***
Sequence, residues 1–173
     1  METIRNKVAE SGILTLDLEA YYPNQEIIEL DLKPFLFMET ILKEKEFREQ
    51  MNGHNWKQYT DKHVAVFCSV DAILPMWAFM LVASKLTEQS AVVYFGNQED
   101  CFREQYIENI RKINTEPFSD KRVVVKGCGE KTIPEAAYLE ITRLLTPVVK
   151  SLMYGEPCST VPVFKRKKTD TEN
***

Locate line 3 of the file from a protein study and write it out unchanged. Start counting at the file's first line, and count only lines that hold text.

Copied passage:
    51  MNGHNWKQYT DKHVAVFCSV DAILPMWAFM LVASKLTEQS AVVYFGNQED